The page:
14 Ways To Cook (Almost) Any Vegetable

- By
11 of 15

We could all use a little encouragement to keep more produce in the house. But if your knowledge on what to do with it is limited, you’ll end up buying pricier, pre-made dishes with your favorite veggies. Save your money, and do it yourself with these 14 different ways to cook almost any vegetable.


Great on cold nights, or chilled as a summer appetizer, braised veggies are surprisingly easy to make. Just cut your vegetable into bite size pieces. Heat a pot over medium heat. Add oil just to coat the bottom of the pot, along with your veggies and a little salt. Then pour in a half to 1 cup of broth. Cover the pot, and reduce the heat to a simmer. Let the veggies simmer for about 20 minutes, or until they are tender and slightly browned. Add your favorite herbs for flavor.


Bring out the BBQ, but keep it healthy! Leave your veggies in large chunks so they don’t break on the grill. Brush them with vegetable or olive oil—don’t hold back, or they’ll turn to charcoal—a little salt, and place them over a grill on medium for ten minutes, or until you see those tasty grill marks.



One of our favorite things about mashed potatoes is that soft, creamy, easy-to-gulp-down consistency. But you can get that with any vegetable! Since potatoes are pretty bland in taste, you can mix most veggies with them. Boil or steam your veggie until it’s breakable-soft. Cut out most of the potatoes you’d use in a mashed potato dish, and replace with your veggies. Mash away with olive oil, salt and pepper.


Roasting veggies helps maintain the full natural flavor on the inside, while producing a nice crisp exterior. Pre-heat the oven to 375. Cut your veggies into bite-size pieces. Coat the bottom of an oven-safe dish or pan with olive oil. Add the veggies, plus any herbs you like, and shake them around to coat them in the oil. Cook for 30 minutes, or until you can push a fork all the way through.


Turn your favorite veggie into a snack! You can turn almost any vegetable into a chip, some might just have a funny shape. Slice your veggie into thin pieces—about a half-centimeter thick—add oil to a pan just high enough to cover one layer of the veggies, heat oil to 350 degrees, and fry veggies one batch at a time. Let them cool on a paper towel and sprinkle salt.


Make your favorite Asian veggie dish at home! Heat oil to 360 in a deep cast iron pan. In a bowl, make the batter by mixing rice flour (6 cups) plus your favorite spices. Then add in 1 quart of chilled club soda. The batter should be loose, like pancake batter. Toss the veggies right into the batter bowl to absorb the mixture. Add the vegetables carefully, one at a time, to the oil. Use a long-handled utensil to keep the veggies separated and moving in the oil. Let cook for four minutes. Remove the veggies from the oil with a spider strainer or basket. Place the veggies on paper towels to dry and add salt.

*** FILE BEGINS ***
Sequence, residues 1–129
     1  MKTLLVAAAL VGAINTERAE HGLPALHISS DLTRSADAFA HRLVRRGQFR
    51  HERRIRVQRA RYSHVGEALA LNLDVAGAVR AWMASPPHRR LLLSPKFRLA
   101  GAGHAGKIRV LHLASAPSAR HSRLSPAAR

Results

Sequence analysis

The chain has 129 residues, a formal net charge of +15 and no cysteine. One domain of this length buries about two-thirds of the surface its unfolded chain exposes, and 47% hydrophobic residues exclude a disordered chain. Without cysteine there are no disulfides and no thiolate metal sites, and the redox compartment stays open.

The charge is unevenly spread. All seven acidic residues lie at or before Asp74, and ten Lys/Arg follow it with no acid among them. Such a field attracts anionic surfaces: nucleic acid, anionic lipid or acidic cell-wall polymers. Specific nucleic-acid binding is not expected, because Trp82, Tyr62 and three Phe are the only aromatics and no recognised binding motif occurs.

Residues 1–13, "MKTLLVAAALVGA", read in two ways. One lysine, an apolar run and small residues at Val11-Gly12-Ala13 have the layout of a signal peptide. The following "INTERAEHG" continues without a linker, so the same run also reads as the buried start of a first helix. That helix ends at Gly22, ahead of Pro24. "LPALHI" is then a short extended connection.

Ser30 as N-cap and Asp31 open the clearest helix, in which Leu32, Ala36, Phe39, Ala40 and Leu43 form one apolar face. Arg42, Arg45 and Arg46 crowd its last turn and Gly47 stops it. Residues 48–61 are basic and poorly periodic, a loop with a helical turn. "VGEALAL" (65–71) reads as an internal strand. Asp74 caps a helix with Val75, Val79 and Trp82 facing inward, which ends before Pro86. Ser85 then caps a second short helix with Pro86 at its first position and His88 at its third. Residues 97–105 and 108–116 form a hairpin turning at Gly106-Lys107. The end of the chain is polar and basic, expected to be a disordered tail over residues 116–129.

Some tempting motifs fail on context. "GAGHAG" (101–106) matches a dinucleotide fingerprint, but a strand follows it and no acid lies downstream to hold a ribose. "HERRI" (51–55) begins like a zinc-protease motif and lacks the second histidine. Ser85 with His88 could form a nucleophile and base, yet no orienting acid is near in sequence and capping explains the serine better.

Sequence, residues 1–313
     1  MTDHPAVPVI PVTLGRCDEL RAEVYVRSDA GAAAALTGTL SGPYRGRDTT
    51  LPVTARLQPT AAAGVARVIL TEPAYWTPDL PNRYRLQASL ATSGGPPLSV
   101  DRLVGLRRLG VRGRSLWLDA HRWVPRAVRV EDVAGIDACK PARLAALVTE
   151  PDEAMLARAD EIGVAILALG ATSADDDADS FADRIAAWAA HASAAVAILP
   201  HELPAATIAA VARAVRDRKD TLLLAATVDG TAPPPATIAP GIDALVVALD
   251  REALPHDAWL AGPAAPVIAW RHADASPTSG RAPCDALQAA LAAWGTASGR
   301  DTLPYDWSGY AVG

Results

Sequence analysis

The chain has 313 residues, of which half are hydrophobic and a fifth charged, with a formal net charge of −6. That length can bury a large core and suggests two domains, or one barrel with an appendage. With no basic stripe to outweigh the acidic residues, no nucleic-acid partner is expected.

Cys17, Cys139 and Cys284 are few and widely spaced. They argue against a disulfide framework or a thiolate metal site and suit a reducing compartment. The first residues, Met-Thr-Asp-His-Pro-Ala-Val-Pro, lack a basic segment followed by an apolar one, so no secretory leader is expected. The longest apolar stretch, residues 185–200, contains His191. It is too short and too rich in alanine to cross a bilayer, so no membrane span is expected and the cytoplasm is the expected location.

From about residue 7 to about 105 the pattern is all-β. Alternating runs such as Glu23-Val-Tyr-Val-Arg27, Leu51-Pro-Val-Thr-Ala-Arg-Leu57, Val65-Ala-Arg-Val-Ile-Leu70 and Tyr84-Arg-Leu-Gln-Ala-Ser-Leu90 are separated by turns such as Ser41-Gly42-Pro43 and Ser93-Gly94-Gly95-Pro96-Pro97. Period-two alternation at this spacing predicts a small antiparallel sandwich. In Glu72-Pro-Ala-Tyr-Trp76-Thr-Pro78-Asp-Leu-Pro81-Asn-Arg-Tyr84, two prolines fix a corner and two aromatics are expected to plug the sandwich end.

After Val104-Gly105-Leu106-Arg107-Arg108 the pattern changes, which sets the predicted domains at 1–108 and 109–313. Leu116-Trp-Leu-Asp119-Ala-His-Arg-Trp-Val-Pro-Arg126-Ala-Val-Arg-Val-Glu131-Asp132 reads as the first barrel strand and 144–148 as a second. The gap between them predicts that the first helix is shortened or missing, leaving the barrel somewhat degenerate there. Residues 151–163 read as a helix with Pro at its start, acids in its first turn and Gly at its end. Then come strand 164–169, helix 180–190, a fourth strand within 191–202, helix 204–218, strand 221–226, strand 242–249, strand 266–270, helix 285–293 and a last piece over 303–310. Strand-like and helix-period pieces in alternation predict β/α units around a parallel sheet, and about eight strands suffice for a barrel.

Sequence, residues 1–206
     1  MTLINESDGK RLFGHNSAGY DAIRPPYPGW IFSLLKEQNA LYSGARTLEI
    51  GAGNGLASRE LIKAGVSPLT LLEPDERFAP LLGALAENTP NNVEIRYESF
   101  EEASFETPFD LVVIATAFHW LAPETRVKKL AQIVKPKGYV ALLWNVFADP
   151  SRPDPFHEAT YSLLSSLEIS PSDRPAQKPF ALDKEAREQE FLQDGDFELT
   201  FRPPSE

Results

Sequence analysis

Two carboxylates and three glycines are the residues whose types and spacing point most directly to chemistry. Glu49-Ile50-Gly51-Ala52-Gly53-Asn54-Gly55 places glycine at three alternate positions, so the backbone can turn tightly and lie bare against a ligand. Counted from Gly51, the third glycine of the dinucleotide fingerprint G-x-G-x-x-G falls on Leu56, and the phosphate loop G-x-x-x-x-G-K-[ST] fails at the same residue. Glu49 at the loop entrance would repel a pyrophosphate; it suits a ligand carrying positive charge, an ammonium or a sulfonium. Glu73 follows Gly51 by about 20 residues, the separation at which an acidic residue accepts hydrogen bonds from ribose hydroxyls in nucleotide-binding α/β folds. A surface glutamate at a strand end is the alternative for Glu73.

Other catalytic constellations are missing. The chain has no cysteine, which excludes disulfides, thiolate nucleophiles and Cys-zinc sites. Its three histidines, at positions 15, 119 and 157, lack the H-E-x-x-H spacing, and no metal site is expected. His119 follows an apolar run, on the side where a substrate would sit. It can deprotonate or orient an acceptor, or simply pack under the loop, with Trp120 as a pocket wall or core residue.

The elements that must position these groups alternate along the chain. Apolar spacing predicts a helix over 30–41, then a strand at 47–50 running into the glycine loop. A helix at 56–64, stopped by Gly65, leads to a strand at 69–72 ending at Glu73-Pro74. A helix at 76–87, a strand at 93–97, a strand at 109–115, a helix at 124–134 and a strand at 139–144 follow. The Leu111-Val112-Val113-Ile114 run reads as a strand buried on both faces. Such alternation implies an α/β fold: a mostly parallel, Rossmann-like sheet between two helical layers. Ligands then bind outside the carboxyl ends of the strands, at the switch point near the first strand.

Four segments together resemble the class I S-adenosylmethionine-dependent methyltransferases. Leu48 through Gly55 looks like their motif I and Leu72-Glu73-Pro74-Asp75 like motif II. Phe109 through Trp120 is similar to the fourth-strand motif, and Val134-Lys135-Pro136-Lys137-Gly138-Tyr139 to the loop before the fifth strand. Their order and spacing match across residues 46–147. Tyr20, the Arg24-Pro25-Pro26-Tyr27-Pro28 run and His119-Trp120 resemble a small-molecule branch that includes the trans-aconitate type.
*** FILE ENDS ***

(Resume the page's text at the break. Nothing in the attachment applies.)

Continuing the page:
Gratins aren’t just for potatoes! Thinly slice your veggies, and layer them in a buttered baking dish. Sprinkle them with salt, pepper and cheese every layer or two. Add a cup of half-and-half, or broth. On the top layer add freshly shredded cheese and breadcrumbs. Bake at 375 degrees until the potatoes are soft inside, and the top layer is browned.

Hash browns

Another recipe stolen from the potato, hash browns can be made out of almost any veggie. Shred your veggie on the large hole of a grater. Heat vegetable oil over high heat on a frying pan or griddle. Create a patty out of the shredded veggies in your hand, add to the pan and sprinkle with salt. Cook the patties until they’re thoroughly browned on one side, then flip and repeat.

Add to lettuce

We forget that most veggies taste good cold, mixed with lettuce and a little dressing. Chop up your cooked veggies for a Chopped Salad, or just add small veggies in whole. Then add your favorite toppings like cheese, nuts and fruits.


Veggies can make an almost one-ingredient soup. Just boil or steam your veggie until it’s completely soft. Then add it to a food processor, with a little broth or cream, salt and pepper and you have a pureed soup.

Steam and toast

For an easy alternative to oven roasting veggies, try this: in a pan, cover the veggies with water—just enough to hit the top of the vegetables. Heat this on low, or until the water has evaporated. You should be able to stick a fork through the vegetables but if not, just add water and repeat until you can. When all the water is gone, and your veggies are soft, drizzle olive oil over the veggies in that same pan. Let them sit in low heat until browned a little on either side.


It’s one of the most basic ways to cook veggies, but here’s a refresher: thinly slice your veggie, or cut it into small pieces. In a cast-iron pan, heat the oil over medium, until it moves around with the consistency of water, but don’t let it smoke. Then add the veggies. The idea is to give the veggies a nice brown crust, and have them medium-cooked on the inside.


Take the above sautéed veggie and let it sit in a saran wrap covered plate in the fridge for two hours. Serve it as an appetizer solo, or chop it into smaller pieces and serve it on crackers with cheese, tuna salad or chicken salad.


Most vegetables cook to completion along with an omelet. Chop up your favorite veggie and throw it in a pan with some oil on low heat. Whip up eggs and pour them over the veggies to make a lunch or dinner omelet.

Comment Disclaimer: Comments that contain profane or derogatory language, video links or exceed 200 words will require approval by a moderator before appearing in the comment section. XOXO-MN